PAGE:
Django Unchained – The Controversial Slavery Western Epic – First To Hit The People’s Republic
China is no stranger to censorship. With internet sites such as Google and Youtube both ‘blocked’ within The People’s Republic, and mass cuts appearing in many Hollywood motion picture releases, it’s no surprise to learn that a controversial film is denied release or heavily censored for a Chinese audience.
Which is why it comes as somewhat of a shock to hear that arguably one of the most controversial films of the last year is to receive an almost untouched release there! Quentin Tarantino’s spaghetti-slavery-revenge fantasy Django Unchained is on track to hit Chinese cinemas in mid April with less than a minute of material cut. It’s somewhat ironic for this to happen to what is undoubtedly one of the most controversial films in a long while Stateside, whereas something like Cloud Atlas, received over 40 minutes of material cut (nearly a quarter of the film) resulting in mass confusion. It’s worth noting that Django Unchained involves very little in the way of nudity or sexual content, whereas Cloud Atlas had all of its content removed pertaining to any kind of intimacy, especially when being performed by the homosexual characters – something particularly difficult to do considering it’s a major part of the story. Sadly, China doesn’t have a certification board and instead everything has to pass through The State Administration of Radio, Film and Television, which results in incredibly strict censorship and cultural naivety.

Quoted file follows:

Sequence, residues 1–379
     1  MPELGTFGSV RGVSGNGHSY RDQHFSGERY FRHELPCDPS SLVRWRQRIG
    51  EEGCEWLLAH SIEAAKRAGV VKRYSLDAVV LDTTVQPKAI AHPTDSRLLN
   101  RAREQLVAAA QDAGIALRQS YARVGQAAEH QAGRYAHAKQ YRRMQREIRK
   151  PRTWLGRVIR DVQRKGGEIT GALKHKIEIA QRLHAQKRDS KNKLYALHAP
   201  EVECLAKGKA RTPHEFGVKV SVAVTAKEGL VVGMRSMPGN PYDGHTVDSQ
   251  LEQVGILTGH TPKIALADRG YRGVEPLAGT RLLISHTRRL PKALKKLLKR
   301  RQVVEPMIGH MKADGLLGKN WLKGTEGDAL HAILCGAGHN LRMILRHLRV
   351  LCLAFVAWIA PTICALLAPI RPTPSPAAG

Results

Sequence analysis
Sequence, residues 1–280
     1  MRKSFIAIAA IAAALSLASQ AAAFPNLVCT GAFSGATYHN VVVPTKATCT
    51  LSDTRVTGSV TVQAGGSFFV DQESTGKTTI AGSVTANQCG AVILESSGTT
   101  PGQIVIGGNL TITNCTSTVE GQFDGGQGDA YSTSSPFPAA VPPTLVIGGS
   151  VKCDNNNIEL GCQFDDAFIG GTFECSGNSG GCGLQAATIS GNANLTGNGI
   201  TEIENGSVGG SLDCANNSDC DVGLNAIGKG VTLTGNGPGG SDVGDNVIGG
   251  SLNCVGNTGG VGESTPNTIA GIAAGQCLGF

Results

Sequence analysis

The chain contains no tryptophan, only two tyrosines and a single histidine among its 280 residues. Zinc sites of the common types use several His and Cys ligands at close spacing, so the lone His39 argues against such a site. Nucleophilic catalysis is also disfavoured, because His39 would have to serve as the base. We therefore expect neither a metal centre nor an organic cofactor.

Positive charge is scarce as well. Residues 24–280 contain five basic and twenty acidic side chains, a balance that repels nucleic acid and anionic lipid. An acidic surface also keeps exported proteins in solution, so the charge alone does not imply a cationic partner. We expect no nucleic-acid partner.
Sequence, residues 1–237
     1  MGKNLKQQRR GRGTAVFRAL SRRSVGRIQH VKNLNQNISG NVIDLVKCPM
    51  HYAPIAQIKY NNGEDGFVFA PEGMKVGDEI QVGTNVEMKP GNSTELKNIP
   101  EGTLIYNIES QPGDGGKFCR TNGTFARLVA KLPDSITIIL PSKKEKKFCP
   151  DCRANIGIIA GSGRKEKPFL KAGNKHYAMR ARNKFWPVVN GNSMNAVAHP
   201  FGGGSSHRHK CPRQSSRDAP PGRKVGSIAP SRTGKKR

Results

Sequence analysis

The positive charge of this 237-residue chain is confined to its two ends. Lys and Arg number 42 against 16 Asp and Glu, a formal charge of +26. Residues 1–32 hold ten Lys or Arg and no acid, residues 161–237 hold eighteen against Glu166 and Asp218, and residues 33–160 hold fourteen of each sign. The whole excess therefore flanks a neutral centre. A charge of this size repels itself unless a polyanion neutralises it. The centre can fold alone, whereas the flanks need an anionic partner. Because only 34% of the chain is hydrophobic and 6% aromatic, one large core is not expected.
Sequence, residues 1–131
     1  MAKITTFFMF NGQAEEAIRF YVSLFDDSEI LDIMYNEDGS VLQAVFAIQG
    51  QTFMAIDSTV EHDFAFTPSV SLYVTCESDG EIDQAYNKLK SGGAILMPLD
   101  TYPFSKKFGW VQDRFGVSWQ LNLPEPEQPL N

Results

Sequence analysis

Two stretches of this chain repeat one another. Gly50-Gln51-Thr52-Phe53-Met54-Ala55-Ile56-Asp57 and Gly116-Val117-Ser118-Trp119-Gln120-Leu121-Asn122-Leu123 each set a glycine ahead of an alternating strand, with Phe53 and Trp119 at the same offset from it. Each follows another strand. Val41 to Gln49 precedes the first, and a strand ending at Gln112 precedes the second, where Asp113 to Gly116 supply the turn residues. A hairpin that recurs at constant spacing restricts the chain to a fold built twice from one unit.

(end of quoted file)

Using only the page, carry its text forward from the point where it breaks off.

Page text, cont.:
Django Unchained, despite its heavy Oscar buzz (even being nominated for Best Picture and winning two Oscars) divided American audiences between people who felt it was a surreal genius masterpiece or a pretentious racist piece of junk (like most Tarantino films then). Similar feelings were felt towards Cloud Atlas, (read our review here) which divided people between the fabled camps of “Best ever!” and “Oh God Why?!”. Fittingly enough there were some well-deserved cries of racial insensitivity towards the film, though it received none of the media attention of Django Unchained.
So the question is, why? why would a film seen as mostly harmless within the United States be cut so heavily compared to a film by a director notorious for flirting with the edges of acceptability? Can it be simply chalked up to a difference in sensibilities? The aftermath of slavery is undeniably still a factor in American society, is it simply that China has no comparative point? After all, do we complain about glamorization of slavery era Rome in things like the popular HBO series Rome? No. We have no point of reference. Yet, the fact that the SARFT is controlled by the government leaves a sour taste in the mouth of many outside (and inside) the country. Censorship for ‘taste’ is very different from censorship for politics, and it could be argued that this is what has happened with films like Cloud Atlas.
Last summer’s James Bond hit Skyfall (read our review here) was another film to receive curious choices in editing. Scenes including mention of Chinese torture and prostitution, as well as a scene in which James ends the life of a Chinese security guard were all removed. China argues this is a matter of taste, and yet multiple agents of other ethnicity are killed left right and centre and not cut. If this seems peculiar to you, is it just a matter of culture shock? Or is there something undeniably more sinister about China’s censorship laws? (We also talked about censorship previously, here.)
Django Unchained will hit Chinese cinemas April 11th.